Q. How can you be a low-maintenance blonde?
A. A really big trend right now is balayage, which is the surface painting of the hair in a V-shape. It gives the color that really natural grow-out. Another trend that we’re doing is “lived-in color.” Bright blond at the ends and super-natural at the top. We tease the hair and then we put it in a foil, but the color doesn’t go all the way up to the root. The process gives it that diffused look, unlike ombre, which has a harsh line. Your hair just looks like you’ve been at the beach all summer. Using your natural base color, we can prolong the next appointment so that you can come in two or three times a year. I charge the same for both, so the full starts at $165 and partials are $145. Incorporating your actual base just makes your hair look more natural.
– Abbey Douglas, Stylist at Osgood O’Neill
Q. What can brunettes do to cover gray between appointments?
A. If clients want to stay brunette, they really need to come in more often. Typically, in three weeks they’re already feeling it; in four weeks, they need to be in here. You can do a fiber root touch-up—it feels like a powder—that you can match to your color. But my favorite products are always the root sprays, because those are waterproof, you can spray them on easily, and they completely cover the gray. It’s a really good cheat until you get to the hairdresser. Style Edit is my No. 1 favorite ($24). It’s a small can, but each one will easily last you anywhere from three to four months. I’ve had some clients that go three months without coming in, just because they don’t have time, and they’ll spray forever. That’s not the best way to go, but it does work. – Cynthia M. Valdez, Owner and Stylist at Blush at Bishop Arts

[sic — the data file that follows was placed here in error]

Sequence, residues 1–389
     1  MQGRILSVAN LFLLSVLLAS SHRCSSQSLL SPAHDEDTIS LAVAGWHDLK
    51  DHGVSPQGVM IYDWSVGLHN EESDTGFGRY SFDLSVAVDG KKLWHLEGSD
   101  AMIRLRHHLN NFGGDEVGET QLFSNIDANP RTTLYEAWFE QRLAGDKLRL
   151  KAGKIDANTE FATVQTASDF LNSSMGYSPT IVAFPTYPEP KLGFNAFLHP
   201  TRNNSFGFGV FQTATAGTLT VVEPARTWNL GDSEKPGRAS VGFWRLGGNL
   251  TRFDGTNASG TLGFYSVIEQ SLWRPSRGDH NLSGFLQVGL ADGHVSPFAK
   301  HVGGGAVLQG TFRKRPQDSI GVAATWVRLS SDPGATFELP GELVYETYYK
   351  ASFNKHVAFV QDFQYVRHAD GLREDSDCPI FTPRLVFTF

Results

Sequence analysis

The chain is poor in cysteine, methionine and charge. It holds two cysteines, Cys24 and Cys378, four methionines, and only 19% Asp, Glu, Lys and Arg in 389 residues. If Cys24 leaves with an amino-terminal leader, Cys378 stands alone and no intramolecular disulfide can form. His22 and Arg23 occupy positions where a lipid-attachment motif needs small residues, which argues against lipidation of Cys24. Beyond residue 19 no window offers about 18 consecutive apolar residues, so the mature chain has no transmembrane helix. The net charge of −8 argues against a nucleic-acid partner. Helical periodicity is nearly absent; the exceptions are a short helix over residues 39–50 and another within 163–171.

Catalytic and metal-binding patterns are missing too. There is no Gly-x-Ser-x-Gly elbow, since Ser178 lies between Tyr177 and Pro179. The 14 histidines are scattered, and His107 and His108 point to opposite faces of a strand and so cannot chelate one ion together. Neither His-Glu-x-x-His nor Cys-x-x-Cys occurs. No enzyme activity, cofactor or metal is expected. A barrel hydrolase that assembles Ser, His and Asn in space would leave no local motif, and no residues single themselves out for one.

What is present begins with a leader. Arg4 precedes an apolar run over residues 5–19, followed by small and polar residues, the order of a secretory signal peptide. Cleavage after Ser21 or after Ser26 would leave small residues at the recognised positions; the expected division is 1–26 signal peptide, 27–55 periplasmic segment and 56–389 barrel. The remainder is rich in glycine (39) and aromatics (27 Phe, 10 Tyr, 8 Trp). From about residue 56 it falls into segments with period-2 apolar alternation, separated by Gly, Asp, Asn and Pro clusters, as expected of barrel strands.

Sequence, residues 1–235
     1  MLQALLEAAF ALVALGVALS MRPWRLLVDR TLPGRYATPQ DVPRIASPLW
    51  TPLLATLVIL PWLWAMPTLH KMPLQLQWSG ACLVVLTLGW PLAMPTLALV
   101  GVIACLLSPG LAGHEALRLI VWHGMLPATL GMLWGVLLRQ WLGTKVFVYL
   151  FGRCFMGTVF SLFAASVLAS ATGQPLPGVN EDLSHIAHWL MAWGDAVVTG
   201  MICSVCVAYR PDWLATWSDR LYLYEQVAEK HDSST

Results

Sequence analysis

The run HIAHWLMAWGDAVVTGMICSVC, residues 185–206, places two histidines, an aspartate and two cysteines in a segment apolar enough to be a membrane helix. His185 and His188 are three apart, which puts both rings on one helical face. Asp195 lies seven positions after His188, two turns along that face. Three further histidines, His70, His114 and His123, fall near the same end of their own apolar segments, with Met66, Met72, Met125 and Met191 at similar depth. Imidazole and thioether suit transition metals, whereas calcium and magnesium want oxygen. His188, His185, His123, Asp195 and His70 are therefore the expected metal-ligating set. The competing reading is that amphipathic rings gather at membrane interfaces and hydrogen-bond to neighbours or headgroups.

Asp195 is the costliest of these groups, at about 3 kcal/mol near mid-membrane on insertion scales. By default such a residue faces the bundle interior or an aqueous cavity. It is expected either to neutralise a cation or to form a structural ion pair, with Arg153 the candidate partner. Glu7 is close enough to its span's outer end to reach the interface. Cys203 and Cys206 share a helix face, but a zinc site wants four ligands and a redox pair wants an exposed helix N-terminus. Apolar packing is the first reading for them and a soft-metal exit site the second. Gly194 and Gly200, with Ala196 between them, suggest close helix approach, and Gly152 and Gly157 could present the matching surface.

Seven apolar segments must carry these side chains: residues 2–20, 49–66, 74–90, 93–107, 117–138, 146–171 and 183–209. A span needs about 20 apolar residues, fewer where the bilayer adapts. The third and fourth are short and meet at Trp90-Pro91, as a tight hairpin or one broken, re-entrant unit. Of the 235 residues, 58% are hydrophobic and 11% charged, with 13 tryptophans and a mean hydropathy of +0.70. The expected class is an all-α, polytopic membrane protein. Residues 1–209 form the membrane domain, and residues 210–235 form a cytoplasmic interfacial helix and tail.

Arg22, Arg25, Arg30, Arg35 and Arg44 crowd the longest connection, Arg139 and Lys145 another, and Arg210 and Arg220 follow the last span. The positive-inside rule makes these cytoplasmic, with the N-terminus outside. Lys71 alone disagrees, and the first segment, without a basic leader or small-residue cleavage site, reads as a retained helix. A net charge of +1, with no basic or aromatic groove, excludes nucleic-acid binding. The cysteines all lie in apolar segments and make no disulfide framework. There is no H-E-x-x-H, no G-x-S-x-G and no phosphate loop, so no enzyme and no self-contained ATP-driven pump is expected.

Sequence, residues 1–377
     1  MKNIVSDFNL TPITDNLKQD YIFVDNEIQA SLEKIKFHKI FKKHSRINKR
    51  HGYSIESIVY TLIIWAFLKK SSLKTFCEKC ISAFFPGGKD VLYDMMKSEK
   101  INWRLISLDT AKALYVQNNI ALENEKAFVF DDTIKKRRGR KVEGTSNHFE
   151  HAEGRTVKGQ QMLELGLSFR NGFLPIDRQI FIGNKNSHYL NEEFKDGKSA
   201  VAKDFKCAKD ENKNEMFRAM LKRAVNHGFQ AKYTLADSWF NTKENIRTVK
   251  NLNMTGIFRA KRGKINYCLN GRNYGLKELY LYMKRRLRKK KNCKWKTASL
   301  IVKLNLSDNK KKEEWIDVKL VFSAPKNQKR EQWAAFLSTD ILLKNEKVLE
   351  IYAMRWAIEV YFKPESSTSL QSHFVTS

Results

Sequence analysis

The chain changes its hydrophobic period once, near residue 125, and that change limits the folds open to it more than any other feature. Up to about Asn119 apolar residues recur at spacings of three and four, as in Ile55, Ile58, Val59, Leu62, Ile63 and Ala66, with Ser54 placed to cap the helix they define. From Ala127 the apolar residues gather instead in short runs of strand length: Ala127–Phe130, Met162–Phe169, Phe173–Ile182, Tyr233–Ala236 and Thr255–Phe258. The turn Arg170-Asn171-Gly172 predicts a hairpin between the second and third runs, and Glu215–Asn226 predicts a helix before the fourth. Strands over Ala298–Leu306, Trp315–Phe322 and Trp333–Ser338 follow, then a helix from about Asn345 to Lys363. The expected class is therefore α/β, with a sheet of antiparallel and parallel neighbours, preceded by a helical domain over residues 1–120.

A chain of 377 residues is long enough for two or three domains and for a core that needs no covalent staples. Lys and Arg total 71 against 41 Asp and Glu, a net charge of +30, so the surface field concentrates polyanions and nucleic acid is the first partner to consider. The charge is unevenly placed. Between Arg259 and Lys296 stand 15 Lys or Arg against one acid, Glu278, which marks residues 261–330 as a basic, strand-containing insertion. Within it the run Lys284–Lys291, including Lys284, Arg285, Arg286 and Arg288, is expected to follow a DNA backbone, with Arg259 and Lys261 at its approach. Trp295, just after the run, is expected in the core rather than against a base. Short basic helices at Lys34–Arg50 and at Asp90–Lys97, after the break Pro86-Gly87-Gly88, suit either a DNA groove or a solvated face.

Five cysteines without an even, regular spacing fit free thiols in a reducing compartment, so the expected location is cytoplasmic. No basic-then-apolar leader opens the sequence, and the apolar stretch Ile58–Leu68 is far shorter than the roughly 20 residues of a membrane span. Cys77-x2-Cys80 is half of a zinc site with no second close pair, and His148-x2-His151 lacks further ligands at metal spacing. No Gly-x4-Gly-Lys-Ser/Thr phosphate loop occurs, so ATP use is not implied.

Q. How can you keep red from fading?
A. The more you wash your hair, the faster the color is going to fade, so don’t wash every day. When you do wash it, shampoo and rinse with cool water, because warm water will strip it. The sun can affect red, too. All Oribe products are UV-protective (Oribe Hair Care Shampoo for Beautiful Color, $45.50; conditioner, $47.50). Also, you can buy pigmented Davines conditioner ($30) in the salon and take it home to use once a week. Just let it sit for five or 10 minutes, and it will deposit color. That’s going to keep it looking vibrant but won’t help with roots. If clients don’t want to mess with it at home, they can come in once every two weeks and get a Pravana Chromosilk Vivids gloss formulated in the salon to refresh the vibrancy. It is $65 with a blow dry. – Casey Clymer, Stylist at J. Grace Salon
Q. What’s the process for going pastel?
A. Pastel is the color you definitely want to go to a stylist for, unless you’re 12 and you’re going for that look. You have to pre-lighten the hair at least once, then color, which takes about three hours. Some people have to do it twice. But if I don’t lighten it to almost white, you’re not going to get those pretty silvery colors. You definitely have to be financially ready; it’s going to cost $300 to $600. But once you get it pre-lightened, all you have to maintain is the color, which would be $120, probably once a month. Keune color conditioners ($20) are pigmented, so you can stretch out that appointment another month by using that at home. And I like the root look, so if you’ve got style, I’d let it grow out a good 3 or 4 inches. – Amy Marshall, Stylist at Dear Clark